17 August 2010

Breathing Easier

I'm traveling today, so I only have a moment to tell this recent story on myself:

I broke my nose in high school. I took a knee to the face in gym class. My knee to my face. I was tucking and rolling after diving after a ball in what I can only describe now as the most beautiful, slow-motion maneuver I have ever executed--before or since--on the court of volleyball.

The acrobatics ended with a crunching pain and me sitting there, nose in my hands, trying very hard not to bleed on my new white gym shoes.

The gym teacher was of little help--she said that if I'd broken my nose, I'd be screaming in pain. Later that day, I convinced my parents to take me to the doctor. Didn't seem right that I could shift my nose back and forth, I told them. Later, the doctor agreed with me.

Not that there was anything to do about it, of course. My nose had shifted to a stable position--the doc called it a "green-stick fracture"--and only I could see the difference.

Fast-forward 28 years or so to last weekend. I was playing with 3-year-old Rain in his room. We haven't moved a lot of furniture into his room, so there's lots of floor to roll around on. We were playing "airplane," which involves me supporting his torso with my arms, and his legs between my knees. I swing him up over my head by rolling backward, using his weight to counter my backward motion.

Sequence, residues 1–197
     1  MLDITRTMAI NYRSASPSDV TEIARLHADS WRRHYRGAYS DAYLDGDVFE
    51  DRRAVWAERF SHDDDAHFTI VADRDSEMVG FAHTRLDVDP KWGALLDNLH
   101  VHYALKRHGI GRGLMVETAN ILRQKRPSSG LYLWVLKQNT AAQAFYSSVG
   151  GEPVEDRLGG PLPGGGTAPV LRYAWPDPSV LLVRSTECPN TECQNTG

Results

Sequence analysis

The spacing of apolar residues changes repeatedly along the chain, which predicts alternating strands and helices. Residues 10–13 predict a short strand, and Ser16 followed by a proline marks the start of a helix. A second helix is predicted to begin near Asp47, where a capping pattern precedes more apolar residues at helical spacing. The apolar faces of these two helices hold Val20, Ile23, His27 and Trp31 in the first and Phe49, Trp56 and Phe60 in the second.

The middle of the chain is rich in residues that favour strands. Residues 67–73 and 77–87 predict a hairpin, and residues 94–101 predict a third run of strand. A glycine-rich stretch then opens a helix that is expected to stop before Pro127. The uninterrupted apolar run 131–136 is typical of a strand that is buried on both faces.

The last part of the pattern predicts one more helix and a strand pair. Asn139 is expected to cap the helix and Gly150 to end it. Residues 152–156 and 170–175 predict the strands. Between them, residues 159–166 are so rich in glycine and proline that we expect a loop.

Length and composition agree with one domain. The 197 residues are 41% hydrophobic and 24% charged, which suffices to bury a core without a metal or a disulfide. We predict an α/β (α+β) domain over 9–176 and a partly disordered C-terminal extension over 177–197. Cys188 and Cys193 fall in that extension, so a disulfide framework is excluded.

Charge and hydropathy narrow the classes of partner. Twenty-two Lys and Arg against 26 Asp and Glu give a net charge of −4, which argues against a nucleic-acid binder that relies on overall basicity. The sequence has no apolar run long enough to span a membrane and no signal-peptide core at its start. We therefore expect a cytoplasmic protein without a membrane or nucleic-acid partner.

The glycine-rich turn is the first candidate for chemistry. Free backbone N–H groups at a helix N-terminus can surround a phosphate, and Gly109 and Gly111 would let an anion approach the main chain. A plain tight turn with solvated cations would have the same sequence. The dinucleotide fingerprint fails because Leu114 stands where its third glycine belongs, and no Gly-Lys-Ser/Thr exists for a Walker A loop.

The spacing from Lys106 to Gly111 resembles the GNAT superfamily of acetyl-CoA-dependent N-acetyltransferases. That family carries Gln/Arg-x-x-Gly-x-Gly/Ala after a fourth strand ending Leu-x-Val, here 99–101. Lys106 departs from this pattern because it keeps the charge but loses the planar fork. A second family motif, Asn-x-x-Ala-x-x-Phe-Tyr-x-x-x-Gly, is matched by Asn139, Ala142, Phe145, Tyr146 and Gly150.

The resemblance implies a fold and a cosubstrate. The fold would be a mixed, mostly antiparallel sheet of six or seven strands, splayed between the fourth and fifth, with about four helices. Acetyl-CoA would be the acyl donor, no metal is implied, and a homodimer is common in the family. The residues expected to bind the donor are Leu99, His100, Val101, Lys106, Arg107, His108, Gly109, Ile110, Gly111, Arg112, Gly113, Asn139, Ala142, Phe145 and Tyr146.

Sometimes, he shouts "Mayday! Mayday!" like Orville or Wilbur from one of the Disney "Rescuers" animated movies. Bonus points if you know what I'm talking about.

On this particular day, Rain begged for just one more airplane ride. We'd done about nine such moves, and I must've been a little tired. Because, on the next go, I dropped 35 pounds of 3-year-old onto my nose.

Crunch and blood.

Mostly, I was worried about getting blood on the carpet. Then I was worried that Rain would think he'd done something wrong. Finally, I was struck by this thought: Here I am. I've gone through months of pre-mobilization--to include Army hand-to-hand "combatives" training. And I end up getting my face rearranged by a 3-year-old. A 3-year-old pretending to be a cartoon albatross.

I've had a headache ever since. I wince and get teary if I put my glasses on wrong. I can shift my nose slightly, back and forth. I've obviously broken it again. But the strange thing?

I can breathe more easily than I have in years.


  1. Oh man! There are no Purple Hearts, though I suppose Rain could give you a purple Barney to carry around.

    X-Ray? Maybe you re-set the nose.

  2. Ouch! I'm grimacing on your behalf and hoping you're well otherwise.

  3. OJD...
    BTW do you have 2 black eyes. Every broken nose I've ever seen always has black eyes.

    How did all the other soldiers react when they found out that your 3-year old make-believe cartoon albatross broke your nose when you dropped him on your face??
    Or ... have you faked a reason for that red-swollen-bit in the center of your face?
    Bathroom door at mid-night sounds pretty good to me. {snicker, snicker}

    Take care.
    Miss Em


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